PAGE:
x Abu Dhabi, UAEMonday 24 July 2017

Dubai Filipinos hold fundraiser for typhoon victims

Filipino expatriates in Dubai are holding a fundraiser today to aid their compatriots in the southern Philippines who have been hit by a deadly typhoon.

Filipino expatriates in Dubai are holding a fundraiser today to aid their compatriots in the southern Philippines who have been hit by a deadly typhoon.

Rescuers have so far recovered the bodies of 475 people killed by Typhoon Bopha, locally known as Pablo.

Two hundred fifty-eight bodies were found on the east coast of Mindanao Island and 191 were recovered in the gold-rush regions around New Bataan and Monkayo towns, said Major General Ariel Bernardo, head of an army division leading the search.

About 17 people were killed elsewhere in Mindanao, along with nine in the central islands, according to the civil defence office in Manila.

FilCom, which represents community groups in Dubai and the Northern Emirates, is organising a "lunch for a cause" from noon till 4pm today at the Pegasus Bar in the Chelsea Hotel in Satwa.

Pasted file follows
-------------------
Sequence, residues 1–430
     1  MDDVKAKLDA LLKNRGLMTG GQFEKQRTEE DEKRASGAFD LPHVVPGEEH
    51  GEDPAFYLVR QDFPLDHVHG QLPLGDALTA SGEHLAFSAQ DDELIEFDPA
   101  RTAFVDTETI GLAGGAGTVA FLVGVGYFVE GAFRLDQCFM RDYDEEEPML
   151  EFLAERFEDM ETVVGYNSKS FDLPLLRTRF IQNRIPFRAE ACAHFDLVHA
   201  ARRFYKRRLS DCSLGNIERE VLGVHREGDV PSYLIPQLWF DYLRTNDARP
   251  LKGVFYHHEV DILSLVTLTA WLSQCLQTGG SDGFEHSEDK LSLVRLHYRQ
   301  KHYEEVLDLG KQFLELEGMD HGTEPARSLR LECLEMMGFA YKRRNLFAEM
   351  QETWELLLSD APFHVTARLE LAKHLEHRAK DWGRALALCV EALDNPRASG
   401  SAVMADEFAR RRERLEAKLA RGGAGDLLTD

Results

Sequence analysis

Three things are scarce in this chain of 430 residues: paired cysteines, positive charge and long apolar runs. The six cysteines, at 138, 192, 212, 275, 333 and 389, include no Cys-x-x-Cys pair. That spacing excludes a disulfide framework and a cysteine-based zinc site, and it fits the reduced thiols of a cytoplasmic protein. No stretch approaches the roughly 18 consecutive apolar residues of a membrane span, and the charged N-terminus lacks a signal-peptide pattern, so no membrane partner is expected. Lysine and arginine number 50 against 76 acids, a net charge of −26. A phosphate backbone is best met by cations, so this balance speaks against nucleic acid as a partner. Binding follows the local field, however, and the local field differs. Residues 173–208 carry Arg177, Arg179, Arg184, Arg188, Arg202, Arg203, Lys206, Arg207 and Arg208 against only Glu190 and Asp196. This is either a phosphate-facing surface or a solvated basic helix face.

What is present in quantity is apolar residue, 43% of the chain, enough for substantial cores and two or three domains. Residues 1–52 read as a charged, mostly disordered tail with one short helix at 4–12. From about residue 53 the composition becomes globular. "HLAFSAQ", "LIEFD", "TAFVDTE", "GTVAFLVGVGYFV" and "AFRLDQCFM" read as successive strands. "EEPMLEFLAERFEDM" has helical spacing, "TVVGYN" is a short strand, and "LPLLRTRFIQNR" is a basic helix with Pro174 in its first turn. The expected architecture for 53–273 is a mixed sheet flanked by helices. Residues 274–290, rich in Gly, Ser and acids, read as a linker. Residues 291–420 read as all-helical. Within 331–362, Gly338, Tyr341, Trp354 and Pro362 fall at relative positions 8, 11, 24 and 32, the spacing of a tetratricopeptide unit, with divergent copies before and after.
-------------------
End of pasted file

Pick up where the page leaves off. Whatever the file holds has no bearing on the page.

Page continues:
The lunch is Dh50, with proceeds going directly to Philippine flood victims.

"We cancelled our Christmas party to give way to this event," said Matilyn Bagunu, the new president of FilCom. "We expect at least 300 to attend, with some handing over their cash donations."

Donation boxes will also be available. Those directly affected by the typhoon have been invited to talk about the situation back home. There will also be entertainment and talks on UAE labour laws.

Crison Martesio, 37, a media planner in Dubai, said the high winds blew away the roof of his family's home, as with other homes in Monkayo town in the province of Compostela Valley.

"My parents, brothers, sister and seven nephews and nieces are all staying in an evacuation centre," he said. "It's very hard to contact them. Communications are still down and power has yet to be restored."

At least 200 died in Compostela Valley alone, including 78 villagers and soldiers who perished in a flash flood that swamped two emergency shelters and a military camp in the village of Andap in the municipality of New Bataan.

Mr Martesio's colleague Astrid Codilla, 31, who is also from Monkayo, is worried about the safety of her family, particularly her infant son Keith, 1.

"I feel so helpless being far away from them," she said. "They said they're OK but it's raining every night since Tuesday and the winds are very strong."

Forecasters yesterday said the typhoon may dissipate after two days due to a surge of cool and dry air.

rruiz@thenational.ae